Review: Dawn in De Waterkant offers a delicious dive into upmarket Chinese fare

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Fast facts

Restaurant name: Dawn 晓 Asian Restaurant

Address: Shop 26, Cape Quarter, 27 Somerset Road, De Waterkant (entrance in Jarvis Street)

Phone number: 069 615 9537

Opening times: Mondays to Thursdays 11am to 10pm, Fridays and Saturdays 11am to 10.30pm

Average price of a main course: R170 to R250

Corkage fee: R50 wine, R80 bubbles

Parking situation: Undercover parkade or street

Food type: Chinese/Asian

Gather your friends for a fabulous feast of convivial sharing, mark it down as a date night option (whether it’s your first or your 100th), or even pop in on your own for a sneaky bowl of ramen and a cocktail at the bar.


Dawn positions itself as “Cape Town’s first upmarket Chinese dining destination” with “authentic flavours of Chinese cuisine meticulously crafted by talented chefs”. The menu is extensive and while the Chef’s Recommendations section comprises the pricier and presumably bigger items, it’s a breeze to put together a massive sharing menu of dim sum, small plates, rice and noodle dishes without melting the credit card. Plus, even those portions are large.

The standout dish of the seven (not counting dessert) ordered was the Eggplant Medley. Now, a word of warning about the chilli. Many dishes contain it, and it’s indicated on the menu with a little chilli graphic. The welcome snack is a bowl each of cucumber and seaweed. The waiter was honest and said they were burny. The crunchy-coated eggplant does not have a chilli graphic although it’s in the description. People, it is burny with large pieces of easily identifiable chilli in the sweet and sticky syrupy sauce. However, even if you are heat-sensitive, it’s not too overpowering and the dish in its entirety is so scrumptious a little bit of pain can be endured or even overlooked.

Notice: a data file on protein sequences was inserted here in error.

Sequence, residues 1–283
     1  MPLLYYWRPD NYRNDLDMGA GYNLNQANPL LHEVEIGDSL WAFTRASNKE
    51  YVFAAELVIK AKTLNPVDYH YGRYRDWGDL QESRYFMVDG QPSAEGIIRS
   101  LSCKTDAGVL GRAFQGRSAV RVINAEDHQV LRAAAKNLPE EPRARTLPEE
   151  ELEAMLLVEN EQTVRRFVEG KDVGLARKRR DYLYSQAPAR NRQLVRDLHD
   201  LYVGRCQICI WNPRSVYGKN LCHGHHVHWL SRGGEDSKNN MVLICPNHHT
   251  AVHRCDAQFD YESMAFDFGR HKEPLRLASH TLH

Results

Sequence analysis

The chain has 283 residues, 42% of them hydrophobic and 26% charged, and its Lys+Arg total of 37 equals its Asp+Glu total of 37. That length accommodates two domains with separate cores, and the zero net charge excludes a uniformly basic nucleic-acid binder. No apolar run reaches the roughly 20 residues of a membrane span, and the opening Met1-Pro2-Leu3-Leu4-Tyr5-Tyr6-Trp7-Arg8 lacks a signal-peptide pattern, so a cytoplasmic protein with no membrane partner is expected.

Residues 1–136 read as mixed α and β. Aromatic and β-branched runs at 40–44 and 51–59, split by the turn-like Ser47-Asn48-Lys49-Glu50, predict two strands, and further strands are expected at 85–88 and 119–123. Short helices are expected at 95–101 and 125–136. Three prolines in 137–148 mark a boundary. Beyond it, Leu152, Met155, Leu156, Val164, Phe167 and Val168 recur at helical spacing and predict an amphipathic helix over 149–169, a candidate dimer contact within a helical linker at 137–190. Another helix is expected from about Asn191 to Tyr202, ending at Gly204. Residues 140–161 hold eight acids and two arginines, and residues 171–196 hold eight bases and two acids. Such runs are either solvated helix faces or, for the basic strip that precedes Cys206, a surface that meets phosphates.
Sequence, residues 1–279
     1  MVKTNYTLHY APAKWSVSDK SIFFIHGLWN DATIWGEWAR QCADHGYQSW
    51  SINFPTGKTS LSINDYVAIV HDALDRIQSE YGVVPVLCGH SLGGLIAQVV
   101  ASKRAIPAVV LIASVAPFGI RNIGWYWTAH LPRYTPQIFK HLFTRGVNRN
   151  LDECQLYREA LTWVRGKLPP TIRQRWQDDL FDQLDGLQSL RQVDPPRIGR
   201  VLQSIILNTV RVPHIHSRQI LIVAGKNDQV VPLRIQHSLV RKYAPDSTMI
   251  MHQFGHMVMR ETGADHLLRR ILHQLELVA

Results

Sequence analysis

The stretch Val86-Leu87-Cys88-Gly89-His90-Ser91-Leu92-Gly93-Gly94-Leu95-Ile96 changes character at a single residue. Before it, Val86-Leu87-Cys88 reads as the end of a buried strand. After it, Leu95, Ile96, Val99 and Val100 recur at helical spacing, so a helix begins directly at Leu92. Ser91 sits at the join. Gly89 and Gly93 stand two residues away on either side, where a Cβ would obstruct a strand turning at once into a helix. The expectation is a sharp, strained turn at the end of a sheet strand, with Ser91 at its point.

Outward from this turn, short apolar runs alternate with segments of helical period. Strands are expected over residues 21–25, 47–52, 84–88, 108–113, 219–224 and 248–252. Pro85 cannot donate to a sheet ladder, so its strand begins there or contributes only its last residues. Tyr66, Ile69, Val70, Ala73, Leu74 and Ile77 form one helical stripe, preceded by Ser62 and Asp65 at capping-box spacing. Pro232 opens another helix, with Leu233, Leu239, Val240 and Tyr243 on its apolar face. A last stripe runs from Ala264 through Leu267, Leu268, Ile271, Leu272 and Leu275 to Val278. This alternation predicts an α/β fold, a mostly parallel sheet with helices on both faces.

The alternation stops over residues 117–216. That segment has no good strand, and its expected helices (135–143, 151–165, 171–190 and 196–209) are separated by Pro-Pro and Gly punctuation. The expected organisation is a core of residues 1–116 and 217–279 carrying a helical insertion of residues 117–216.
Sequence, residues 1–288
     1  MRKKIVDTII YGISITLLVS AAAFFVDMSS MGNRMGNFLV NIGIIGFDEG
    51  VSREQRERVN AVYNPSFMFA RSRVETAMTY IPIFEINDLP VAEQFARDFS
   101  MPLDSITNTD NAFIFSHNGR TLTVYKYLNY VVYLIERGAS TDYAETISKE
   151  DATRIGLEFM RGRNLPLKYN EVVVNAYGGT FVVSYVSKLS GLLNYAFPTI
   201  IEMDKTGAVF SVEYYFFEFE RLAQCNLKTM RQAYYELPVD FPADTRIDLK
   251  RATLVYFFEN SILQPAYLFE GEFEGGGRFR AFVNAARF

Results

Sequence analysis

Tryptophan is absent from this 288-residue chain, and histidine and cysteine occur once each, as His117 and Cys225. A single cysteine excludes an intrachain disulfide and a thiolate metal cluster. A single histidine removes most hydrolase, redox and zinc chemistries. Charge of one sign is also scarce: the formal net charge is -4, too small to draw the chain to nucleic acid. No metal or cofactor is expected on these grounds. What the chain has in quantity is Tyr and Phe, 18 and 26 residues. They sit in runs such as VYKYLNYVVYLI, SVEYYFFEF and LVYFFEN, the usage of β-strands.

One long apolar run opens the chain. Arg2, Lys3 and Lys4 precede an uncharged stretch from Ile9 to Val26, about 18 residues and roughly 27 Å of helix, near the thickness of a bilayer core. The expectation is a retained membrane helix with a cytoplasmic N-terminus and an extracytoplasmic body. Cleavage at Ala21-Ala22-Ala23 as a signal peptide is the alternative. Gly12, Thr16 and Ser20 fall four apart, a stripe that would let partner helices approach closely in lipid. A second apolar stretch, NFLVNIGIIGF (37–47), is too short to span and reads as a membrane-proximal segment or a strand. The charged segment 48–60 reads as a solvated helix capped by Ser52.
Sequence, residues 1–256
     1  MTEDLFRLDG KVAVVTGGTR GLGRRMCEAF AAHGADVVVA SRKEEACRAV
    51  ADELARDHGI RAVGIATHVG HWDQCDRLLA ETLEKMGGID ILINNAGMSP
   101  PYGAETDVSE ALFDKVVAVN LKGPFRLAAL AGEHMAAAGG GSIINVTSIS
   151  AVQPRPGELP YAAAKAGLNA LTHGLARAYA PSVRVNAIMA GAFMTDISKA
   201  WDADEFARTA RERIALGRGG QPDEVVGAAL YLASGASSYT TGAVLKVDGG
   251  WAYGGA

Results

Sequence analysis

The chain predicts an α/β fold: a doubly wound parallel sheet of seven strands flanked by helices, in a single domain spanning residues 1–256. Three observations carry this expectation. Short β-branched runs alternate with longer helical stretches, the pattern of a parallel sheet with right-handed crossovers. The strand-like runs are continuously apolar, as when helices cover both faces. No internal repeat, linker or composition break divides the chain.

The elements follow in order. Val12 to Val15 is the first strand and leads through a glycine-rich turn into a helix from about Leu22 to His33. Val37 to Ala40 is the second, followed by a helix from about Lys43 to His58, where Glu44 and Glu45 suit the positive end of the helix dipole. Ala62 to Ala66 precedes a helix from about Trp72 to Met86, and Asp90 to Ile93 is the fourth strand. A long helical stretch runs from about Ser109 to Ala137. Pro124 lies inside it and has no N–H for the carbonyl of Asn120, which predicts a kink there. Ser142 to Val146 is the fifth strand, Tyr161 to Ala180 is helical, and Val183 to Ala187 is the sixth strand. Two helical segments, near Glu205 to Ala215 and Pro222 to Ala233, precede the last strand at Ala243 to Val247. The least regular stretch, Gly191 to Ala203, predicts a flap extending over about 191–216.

The green onion flower rolls from the dim sum section of the menu were impressive in size; even though the pops of green were few, the flavour carried through the dough. They were joined by deep-fried pork and shrimp wontons, then followed by crispy pork belly with subtle five-spice seasoning and egg yolk pumpkin. Bit of a strange one, that, with the egg being the predominant flavour, but it was happily notched up as having “tried something new and different”. ‘Main’ courses were dry mixed ramen, and a spectacular plate of noodles with that smoky flavour you only get in Chinese or Asian restaurants or takeaways, with vegetables and duck for the remarkable price of just R128. Like most Chinese menus everywhere you can order by number.

There are two desserts to finish: a stylised ‘signature’ tiramisu with the taste of tiramisu but unconventionally presented, and cheesecake tofu with coconut milk, sago, peach yoghurt and red beans – very authentic, very tasty apparently, but no good for Instagram. Overall, an excellent and most delicious meal.



A range of wines, cocktails, spirits and beer is available as well as soft and non-alcoholic drinks.


Service is wonderfully friendly from the moment you walk in and are greeted. Avory Louw knew his stuff and was able to advise and describe dishes on the menu that were mysterious and intriguing. Food came to the table quickly. The front-of-house manager made frequent turns at the table to check everything was in order.


Dawn is a bit of an odd zig-zaggy shape (it was previously Jenny Morris’s cookery school). There are two approaches: one via the Cape Quarter mall, which you probably won’t find unless you know about it – and know your way around hands-down the most confusing parking garage in Cape Town; and from the street, which is way more convenient. You’re greeted by a wishing water feature and large floating bamboo koi (in the air, not in the pond). Tables closest to the entrance can be a bit draughty, but beyond that it’s cosier, with a huge central bar area and seating at tables and booths around that, and an open pass to the kitchen. Red, being a lucky colour in Chinese culture, features in various accents, from tableware to lampshades to walls.

Eat Out critics dine unannounced and pay for their meals in full. Read our full editorial policy here

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